Gall Bladder - The Storehouse of Bile
Know your Body

Gall Bladder - The Storehouse of Bile

Dr.Surya Rao Poodipeddi profile Authored by Dr.Surya Rao Poodipeddi on 26 Feb 2014 - 12:44.

The gall bladder is a small pear-shaped organ situated in the right upper quadrant of the abdominal cavity under the base of the liver and connected to it by the hepatic duct. It is approximately 3 to 4 inches long and about 1 inch wide.
Function of gall bladder: The main function of the gall bladder is to store and concentrate digestive liquid called bile, which is manufactured by the liver. The liver continually secretes bile, which passes to the gall bladder via the hepatic duct. The gall bladder is nicknamed as the storehouse of bile.
Bile is a digestive fluid necessary to emulsify fats and neutralize acids in the food, which is partly digested. A muscular valve in the common bile duct opens to allow the flow of bile from the gall bladder to the cystic duct along the common bile duct and into the duodenum.
Fats are one of the three proximate principles of the food we take. Without bile fats, food cannot be digested. Any problem in the gall bladder reflects bile which leads to several problems.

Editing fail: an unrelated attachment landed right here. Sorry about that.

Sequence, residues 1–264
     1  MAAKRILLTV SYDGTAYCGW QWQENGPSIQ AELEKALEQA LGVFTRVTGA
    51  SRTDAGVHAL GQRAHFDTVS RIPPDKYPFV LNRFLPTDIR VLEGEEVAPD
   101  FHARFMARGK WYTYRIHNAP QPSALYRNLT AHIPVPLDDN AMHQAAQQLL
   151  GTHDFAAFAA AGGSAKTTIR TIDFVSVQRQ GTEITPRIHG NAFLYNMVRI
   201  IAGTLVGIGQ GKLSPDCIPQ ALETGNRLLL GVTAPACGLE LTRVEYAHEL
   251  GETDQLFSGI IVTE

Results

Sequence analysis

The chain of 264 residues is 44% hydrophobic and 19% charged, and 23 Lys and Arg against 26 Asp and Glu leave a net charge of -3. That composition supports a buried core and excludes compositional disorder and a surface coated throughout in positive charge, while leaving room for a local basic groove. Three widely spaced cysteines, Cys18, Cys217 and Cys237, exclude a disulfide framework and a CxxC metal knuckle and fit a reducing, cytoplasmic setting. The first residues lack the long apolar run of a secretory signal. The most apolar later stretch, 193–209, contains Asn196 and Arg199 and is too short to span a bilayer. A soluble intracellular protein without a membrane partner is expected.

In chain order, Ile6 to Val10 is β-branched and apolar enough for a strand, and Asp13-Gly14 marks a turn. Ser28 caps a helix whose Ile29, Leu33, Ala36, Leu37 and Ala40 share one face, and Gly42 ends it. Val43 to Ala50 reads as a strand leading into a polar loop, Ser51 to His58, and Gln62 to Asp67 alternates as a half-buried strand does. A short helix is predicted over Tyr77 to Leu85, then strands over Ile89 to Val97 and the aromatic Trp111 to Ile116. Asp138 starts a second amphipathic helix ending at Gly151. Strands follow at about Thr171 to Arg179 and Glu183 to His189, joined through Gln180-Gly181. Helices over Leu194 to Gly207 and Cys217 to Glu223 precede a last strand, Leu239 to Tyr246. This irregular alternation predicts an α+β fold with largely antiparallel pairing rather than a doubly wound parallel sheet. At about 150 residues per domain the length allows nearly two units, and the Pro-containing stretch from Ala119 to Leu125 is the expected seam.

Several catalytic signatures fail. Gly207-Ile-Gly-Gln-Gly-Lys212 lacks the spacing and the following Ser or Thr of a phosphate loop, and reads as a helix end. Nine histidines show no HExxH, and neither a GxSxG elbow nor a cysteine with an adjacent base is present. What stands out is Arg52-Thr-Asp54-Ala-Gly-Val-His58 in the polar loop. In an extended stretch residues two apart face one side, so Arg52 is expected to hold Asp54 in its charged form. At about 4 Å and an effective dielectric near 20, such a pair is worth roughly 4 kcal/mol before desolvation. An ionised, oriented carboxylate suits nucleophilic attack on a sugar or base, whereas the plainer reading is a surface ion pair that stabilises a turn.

Common condition of gall bladder: Most important and common conditions affecting the gall bladder are acute and chronic cholecystitis and gallstones called cholelythiasis.
Acute cholecystitis:
Inflammation of the gall bladder termed cholecystitis mostly affects women aged forty who are heavy and in their reproductive age.
Acute Cholecystitisas a condition where there is sudden inflammation of the gall bladder causing severe abdominal pain. In 90 percent of the cases, gallstones in the gallbladder cause acute cholecystitis, which obstruct the duct leading from the gallbladder to the common bile duct. Severe illness and rarely, tumors of the gallbladder can also cause cholecystitis.
The bile, which gets trapped, becomes concentrated causing irritation and pressure build-up in the gallbladder. This invariably leads to bacterial infection. Sometimes the gallbladder may perforate warranting urgent surgical attention. The attack may follow ingestion of a large or fatty meal.
If there are gallstones in the gallbladder surgical removal of the stones would prevent the incidence of cholecystitis. Reduced intake of fats prevents recurrent attacks of cholecystitis. Examination of the abdomen by touch (palpation) reveals tenderness. Tests that detect the presence of gallstones or inflammation include: abdominal ultrasound abdominal / CT scan / abdominal X-ray / oral cholecystogram gall bladder / radionuclide scan / A CBC shows infection by an elevated white blood cell count.
Although cholecystitis may resolve spontaneously, surgery to remove the gallbladder (cholecystectomy) is indicated because inflammation frequently persists or recurs. This operation is performed as soon as possible after the onset of cholecystitis, unless the patient is very ill, or if the inflammation is thought to have been present for many days.